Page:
When I first started sewing apparel, I had a “go for it” kind of attitude. My mother had given me the foundations of sewing throughout my childhood, including knowing how to operate a sewing machine, serger, and rotary cutter. But she had never taught me how to make apparel. To get started, I found a vintage sewing pattern that was in my grandmother’s stash, a polyester from my mom’s stash, and just went at it. It was a simple trapeze dress, and I’m not sure that I even followed all the directions. I still have that pattern, and really wish that I had traced the pattern rather than cutting it out because now, I’m stuck with one size and one to two versions of the dress.
Choose the fabric and/or pattern
Starting with fabric: I know how it is at the fabric store. You fall in love with a fabric and you have nothing in mind for what to make with it. Soon you’ll accumulate a stash and months later come back to the fabric and ask, what was I thinking? This is when you assess the fabric. What is the drape and thickness good for? If it’s a thick twill, it might be best off for bottoms (skirts, pants, shorts), structured dresses, or accessories (purses). If it’s a lightweight fluid fabric, you’re likely looking at blouses or dresses with a lot of give. Dig into the patterns you own, the patterns available through the Big 4, and the indie patterns throughout the world. Find something that speaks to both you, and the fabric. Because if there is one thing to learn from this, is that it’s difficult to force a fabric onto a pattern.
Starting with a pattern: This is a bit easier to manage, as the pattern gives you general guidelines on what fabric to be on the lookout for and a vision in mind. Again, the fabric recommendations should be taken with a grain of salt, but do not force a fabric onto a pattern. If it calls for a woven and you want to use a knit, there are tutorials online for how to do that conversion. If you’re making a blouse and it calls for a lightweight woven, do not use a super heavyweight fabric because it will not have enough give. Keep in mind the work that will go into matching patterns, plaids, and stripes when buying fabric, and the laundering requirements for the fabric. I try to take a picture of the end bolt when I buy it so I know the fiber content and the laundry instructions for later on.
This took the longest for me to understand and accept. You are your own size, and the patterns aren’t always going to fit you right out of the envelope. I trusted the recommended sizes for a lot of patterns, and often it works out. But when it doesn’t, it’s incredibly disappointing. BE SKEPTICAL OF THE SIZING. If you want it fitted, take the pattern pieces out, measure the width or length, do some math calculating in seam allowances, and calculate how much ease there is. If there’s 3 inches of ease around the bodice that is supposed to be fitted, make adjustments or select a different size. If your hips are a size 12 and your bodice a size 10, grade the sizes together. It’ll make for a much better fitted garment and a happier seamstress. There’s tons of tutorials online to do this, give it a try and you’ll be much more satisfied with what you make.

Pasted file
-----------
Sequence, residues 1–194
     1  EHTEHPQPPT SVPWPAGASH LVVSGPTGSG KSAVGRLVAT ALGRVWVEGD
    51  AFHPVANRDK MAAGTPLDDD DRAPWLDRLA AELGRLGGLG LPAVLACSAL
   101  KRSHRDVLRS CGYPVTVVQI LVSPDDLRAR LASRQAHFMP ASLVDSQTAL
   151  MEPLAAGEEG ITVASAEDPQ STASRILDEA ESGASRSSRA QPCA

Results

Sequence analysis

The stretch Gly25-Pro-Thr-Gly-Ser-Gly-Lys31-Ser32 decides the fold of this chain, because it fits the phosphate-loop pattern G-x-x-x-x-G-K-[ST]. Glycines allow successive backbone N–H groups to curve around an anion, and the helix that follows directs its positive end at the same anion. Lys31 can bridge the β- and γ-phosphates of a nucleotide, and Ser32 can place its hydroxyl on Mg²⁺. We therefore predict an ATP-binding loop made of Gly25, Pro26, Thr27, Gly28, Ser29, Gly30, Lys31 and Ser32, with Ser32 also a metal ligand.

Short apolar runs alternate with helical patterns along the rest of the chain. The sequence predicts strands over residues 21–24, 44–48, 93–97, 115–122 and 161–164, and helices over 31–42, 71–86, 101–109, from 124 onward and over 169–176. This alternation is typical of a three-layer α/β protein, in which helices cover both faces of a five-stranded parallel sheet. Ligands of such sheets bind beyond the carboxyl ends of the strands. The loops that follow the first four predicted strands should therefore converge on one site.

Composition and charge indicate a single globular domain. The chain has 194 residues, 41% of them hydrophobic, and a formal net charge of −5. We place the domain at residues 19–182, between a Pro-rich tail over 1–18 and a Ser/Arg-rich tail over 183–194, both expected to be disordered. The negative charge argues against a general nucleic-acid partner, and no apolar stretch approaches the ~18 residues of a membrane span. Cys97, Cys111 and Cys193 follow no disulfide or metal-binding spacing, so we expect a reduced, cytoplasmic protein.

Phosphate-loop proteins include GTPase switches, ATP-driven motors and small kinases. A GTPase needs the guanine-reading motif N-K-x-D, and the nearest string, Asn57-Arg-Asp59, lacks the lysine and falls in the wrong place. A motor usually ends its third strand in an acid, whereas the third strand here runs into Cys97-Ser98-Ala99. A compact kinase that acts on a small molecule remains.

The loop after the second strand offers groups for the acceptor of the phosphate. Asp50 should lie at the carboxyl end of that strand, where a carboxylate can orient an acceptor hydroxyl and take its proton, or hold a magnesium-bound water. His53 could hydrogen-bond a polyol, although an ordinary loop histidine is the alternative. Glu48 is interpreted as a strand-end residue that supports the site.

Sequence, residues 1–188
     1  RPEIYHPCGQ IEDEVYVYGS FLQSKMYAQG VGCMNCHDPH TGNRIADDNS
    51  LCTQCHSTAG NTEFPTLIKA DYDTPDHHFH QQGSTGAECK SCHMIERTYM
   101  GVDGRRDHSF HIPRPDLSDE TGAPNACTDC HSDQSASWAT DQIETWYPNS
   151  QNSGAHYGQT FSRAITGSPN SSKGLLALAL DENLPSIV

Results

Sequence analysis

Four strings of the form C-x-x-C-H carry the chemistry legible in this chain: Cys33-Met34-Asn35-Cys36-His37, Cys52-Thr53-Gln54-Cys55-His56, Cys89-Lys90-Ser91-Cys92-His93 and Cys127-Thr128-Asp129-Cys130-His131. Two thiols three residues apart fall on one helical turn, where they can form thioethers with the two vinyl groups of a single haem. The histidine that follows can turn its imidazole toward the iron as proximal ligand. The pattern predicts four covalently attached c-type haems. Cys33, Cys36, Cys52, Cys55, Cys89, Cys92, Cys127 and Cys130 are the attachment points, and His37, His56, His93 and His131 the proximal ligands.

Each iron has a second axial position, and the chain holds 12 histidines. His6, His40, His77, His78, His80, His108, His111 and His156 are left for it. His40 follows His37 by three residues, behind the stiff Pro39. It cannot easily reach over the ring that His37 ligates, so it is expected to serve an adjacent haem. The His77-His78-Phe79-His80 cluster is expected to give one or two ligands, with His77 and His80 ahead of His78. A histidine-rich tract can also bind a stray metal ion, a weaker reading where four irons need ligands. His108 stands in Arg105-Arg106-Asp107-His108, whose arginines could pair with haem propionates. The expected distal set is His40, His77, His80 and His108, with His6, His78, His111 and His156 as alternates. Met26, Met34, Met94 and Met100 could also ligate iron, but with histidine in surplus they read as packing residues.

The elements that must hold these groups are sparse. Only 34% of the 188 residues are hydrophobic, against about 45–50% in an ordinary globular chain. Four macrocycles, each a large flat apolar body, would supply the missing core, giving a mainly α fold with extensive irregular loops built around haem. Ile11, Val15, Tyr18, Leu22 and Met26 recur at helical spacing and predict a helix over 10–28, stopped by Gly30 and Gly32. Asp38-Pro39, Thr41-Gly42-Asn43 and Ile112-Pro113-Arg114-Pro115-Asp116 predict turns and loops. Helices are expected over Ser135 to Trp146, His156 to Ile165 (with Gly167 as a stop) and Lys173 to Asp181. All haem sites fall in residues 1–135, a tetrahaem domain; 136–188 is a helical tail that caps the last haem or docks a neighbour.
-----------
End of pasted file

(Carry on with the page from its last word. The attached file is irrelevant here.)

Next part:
Trace pattern onto tracing paper
Once you’ve chosen your fabric and have your pattern size determined, I trace my pattern. This is so that I can make adjustments to the pattern for sizing such as a full bust adjustment, hacks to the design, or simply to keep the paper pattern intact to use a different size or version in the future. Pellon sells tracing pattern which is wonderful for this, but there are others you can use and even directly sew up and make adjustments to. Once my patterns are traced, I simply keep them in a gallon sized bag labeled with the pattern enclosed.
Organize which are interfaced, interface yardage first
I find block interfacing helpful in maintaining the integrity of the cut, interfaced pattern pieces. If I don’t block interface, I end up with either the fabric or interfacing too large and it affects the piece. To do this, organize which pattern pieces need interfacing. Lay them over the fashion fabric, and decide how much yardage needs to be interfaced for these pieces. Interface the whole piece, then cut out the individual pieces. The exception to this is collars, where the collar seam allowance is left uninterfaced to reduce bulk.
Lay, cut, mark
Finally, you can lay out your pattern pieces on the fashion fabric and cut them out. I use a rotary cutter for a majority of my cutting, and mark darts and pleats with a combination of chalk and tailor’s tacks. To make with chalk, I insert a pin into the point of the pattern piece and rub my chalk along the point of the pin on the fashion fabric. Then, follow your pattern directions and sew to your heart’s content!